WRAL News poll: Romney edges ahead in NC as election nears
Posted October 30, 2012
SurveyUSA polled 682 likely voters statewide between Saturday and Monday and found that 50 percent would vote for Romney and 45 percent for Obama if the election were held now. The remaining 5 percent were either undecided or voting for another candidate.
The poll has a margin of error of plus or minus 3.8 percentage points.
In a WRAL News poll conducted four weeks ago, Obama and Romney were in a virtual dead heat for North Carolina's 15 electoral votes, with Obama at 49 percent and Romney at 47 percent.
The results of the latest poll contrast sharply with other recent surveys that show North Carolina as a toss-up in next week's election. An Elon University Poll of likely voters that was released Monday, for example, showed both men at 45 percent, with 5 percent still undecided.
"We've seen so much volatility in this race, so you can move from a deadlocked race to a 5 percentage point race over a matter of days," said David McLennan, a political science professor at William Peace University in Raleigh.
The shift in the WRAL News polls appears to come primarily from Romney eliminating Obama's lead among female voters. In early October, the president held a 53 to 44 percent lead among women, but both men now are at 47 percent in that demographic.
Meanwhile, Romney has widened his lead among male voters. He now holds a 52 to 43 percent margin there, up from 51 to 44 percent in early October.
The former Massachusetts governor also has opened up sizable leads among independents and wealthier voters in recent weeks.
What had been a virtual tie among independents – 45 to 43 percent in favor of Romney – has turned into a 12-point advantage for him. Romney and Obama also were tied in early October among voters with annual incomes of more than $80,000, but Romney now leads among that group by 59 to 37 percent.
Romney continues to hold a 50 to 45 percent margin among the coveted middle-class voters, while Obama has widened his lead among lower-income voters from 13 to 15 points.
Younger voters, a key segment of his victory in 2008, still favor Obama by 53 to 38 percent, but Romney has narrowed that gap slightly in recent weeks. Similarly, Obama has cut into Romney's lead among voters age 50 or older, although Romney still holds a 53 to 43 percent margin there.
The poll shows that Obama has banked much of his support in North Carolina through early voting.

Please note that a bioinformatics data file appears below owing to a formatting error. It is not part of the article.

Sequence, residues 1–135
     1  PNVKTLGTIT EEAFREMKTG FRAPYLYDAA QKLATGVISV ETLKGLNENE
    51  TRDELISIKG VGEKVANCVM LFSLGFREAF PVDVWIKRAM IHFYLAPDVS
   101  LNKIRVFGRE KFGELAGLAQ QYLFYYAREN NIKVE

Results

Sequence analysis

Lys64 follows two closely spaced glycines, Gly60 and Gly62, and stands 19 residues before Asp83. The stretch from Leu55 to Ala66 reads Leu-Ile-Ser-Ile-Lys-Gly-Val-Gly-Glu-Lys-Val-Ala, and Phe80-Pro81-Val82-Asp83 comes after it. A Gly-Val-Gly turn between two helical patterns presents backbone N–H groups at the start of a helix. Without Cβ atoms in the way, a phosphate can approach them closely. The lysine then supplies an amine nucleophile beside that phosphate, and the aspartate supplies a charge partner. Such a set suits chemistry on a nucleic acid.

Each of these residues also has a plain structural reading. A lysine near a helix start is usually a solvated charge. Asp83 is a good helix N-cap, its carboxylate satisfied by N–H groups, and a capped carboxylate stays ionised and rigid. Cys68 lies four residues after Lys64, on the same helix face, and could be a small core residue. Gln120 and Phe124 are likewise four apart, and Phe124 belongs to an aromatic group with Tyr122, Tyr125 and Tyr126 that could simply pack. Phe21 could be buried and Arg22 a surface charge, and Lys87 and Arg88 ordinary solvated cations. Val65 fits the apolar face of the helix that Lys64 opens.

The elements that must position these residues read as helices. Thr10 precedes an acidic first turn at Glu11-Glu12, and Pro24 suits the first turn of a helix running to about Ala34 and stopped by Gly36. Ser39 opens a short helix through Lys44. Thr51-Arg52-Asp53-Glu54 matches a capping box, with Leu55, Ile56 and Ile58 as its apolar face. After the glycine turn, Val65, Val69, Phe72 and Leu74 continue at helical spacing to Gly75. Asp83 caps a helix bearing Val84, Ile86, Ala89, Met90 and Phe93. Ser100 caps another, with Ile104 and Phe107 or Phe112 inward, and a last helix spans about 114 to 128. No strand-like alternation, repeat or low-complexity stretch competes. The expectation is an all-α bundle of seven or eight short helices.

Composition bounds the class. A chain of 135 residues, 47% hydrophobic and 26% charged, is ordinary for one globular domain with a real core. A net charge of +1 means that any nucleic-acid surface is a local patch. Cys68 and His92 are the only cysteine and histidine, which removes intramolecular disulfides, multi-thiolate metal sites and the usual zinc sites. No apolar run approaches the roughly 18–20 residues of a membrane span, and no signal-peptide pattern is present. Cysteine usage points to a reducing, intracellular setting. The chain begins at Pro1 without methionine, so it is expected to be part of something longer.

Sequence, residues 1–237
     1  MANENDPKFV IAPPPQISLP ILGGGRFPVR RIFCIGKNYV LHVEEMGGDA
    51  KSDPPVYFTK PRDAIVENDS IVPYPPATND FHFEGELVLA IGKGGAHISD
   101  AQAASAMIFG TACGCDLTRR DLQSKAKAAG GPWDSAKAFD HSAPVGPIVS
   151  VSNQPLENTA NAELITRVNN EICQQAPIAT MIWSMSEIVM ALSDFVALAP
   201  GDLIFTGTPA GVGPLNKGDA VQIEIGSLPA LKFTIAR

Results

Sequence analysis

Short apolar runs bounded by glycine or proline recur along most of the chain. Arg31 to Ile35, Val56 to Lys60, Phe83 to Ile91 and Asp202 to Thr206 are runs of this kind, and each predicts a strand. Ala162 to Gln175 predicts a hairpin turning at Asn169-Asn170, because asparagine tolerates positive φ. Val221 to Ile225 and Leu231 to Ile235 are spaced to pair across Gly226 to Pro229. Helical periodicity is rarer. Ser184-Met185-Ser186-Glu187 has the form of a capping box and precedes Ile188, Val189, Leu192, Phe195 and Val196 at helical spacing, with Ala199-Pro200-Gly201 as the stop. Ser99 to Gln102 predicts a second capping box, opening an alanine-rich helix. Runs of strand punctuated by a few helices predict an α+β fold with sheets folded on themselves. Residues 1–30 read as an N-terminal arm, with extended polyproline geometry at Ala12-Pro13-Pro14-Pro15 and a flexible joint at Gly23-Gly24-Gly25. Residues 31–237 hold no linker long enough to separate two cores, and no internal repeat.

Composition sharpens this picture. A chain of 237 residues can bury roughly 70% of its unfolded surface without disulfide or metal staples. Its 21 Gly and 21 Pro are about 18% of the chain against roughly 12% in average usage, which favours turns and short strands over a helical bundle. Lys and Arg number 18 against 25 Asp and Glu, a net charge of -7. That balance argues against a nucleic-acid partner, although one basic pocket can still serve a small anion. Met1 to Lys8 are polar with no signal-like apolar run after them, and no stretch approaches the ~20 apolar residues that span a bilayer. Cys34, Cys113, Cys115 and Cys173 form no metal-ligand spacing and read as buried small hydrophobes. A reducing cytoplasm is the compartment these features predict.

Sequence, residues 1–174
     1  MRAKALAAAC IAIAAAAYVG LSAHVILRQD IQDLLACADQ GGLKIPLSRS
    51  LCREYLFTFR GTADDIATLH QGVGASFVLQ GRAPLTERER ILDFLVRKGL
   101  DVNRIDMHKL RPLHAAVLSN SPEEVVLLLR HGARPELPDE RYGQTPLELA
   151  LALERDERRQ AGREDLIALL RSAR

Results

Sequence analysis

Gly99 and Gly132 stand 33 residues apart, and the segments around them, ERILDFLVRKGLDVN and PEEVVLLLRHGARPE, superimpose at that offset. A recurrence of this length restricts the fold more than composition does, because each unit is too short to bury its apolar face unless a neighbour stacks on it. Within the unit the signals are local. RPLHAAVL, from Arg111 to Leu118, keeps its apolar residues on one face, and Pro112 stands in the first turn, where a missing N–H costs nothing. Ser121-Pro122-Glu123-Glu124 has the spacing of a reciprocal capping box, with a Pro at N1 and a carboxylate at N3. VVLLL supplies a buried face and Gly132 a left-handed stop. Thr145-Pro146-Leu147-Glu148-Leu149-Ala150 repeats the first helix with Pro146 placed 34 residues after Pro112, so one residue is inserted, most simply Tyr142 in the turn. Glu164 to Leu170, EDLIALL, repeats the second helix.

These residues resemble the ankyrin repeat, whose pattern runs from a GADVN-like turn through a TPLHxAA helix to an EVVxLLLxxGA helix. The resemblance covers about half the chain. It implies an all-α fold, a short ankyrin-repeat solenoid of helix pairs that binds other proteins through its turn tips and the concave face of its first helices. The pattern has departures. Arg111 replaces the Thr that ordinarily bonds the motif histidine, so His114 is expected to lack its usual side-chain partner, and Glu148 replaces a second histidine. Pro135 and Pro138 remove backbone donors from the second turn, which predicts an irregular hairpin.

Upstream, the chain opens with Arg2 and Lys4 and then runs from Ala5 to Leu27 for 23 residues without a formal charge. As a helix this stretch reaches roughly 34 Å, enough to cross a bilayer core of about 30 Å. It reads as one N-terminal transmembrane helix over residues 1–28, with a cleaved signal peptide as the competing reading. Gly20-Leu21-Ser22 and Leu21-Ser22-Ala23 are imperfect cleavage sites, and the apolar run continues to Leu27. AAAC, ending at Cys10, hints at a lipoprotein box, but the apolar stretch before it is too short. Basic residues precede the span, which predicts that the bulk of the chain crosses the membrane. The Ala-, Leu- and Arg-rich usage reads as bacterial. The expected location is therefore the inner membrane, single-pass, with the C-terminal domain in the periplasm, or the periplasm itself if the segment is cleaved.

One-third of respondents have already cast votes in person, and the president leads among them by a 56 to 43 percent margin. He also leads among the small number of absentee voters by 53 to 40 percent, while the candidates are even among the respondents who plan to vote early this week.
Those early votes for Obama aren't likely to stand up, according to the poll. Another third of those surveyed plan to wait until Election Day to vote, and Romney leads that group by a 60 to 33 percent margin.
Economy on voters' minds
Some of Obama's weakness in North Carolina might be traced to the fact that many voters don't feel the last four years under his leadership have been a success.
Forty-four percent of those polled said their families were worse off financially than in 2008, which was twice as many who said they are better off now. Thirty-four percent said their financial conditions remain unchanged from four years ago.
Still, a majority of voters expressed optimism when discussing North Carolina's economy. Fifty-two percent say it will get stronger in the coming year, compared with 7 percent who foresee more troubles and 25 percent who expect it to continue sputtering along as it has been.
Republicans get the nod by 49 percent of respondents when it comes to handling the U.S. economy. Forty-one percent said Democrats can be trusted more with economic matters.
Other than the economy, health care is the most important issue among voters. Forty percent of respondents named it as the second-most-pressing issue in the U.S., followed by education at 21 percent, the war on terror at 15 percent and immigration at 10 percent.
McLennan said health care was cited so much because of the Patient Protection and Affordable Care Act that Obama helped pass two years ago. Romney has vowed to repeal the health care reform law.
"It's a lightning rod issue – half of the country is for it and half of the country is against it," McLennan said.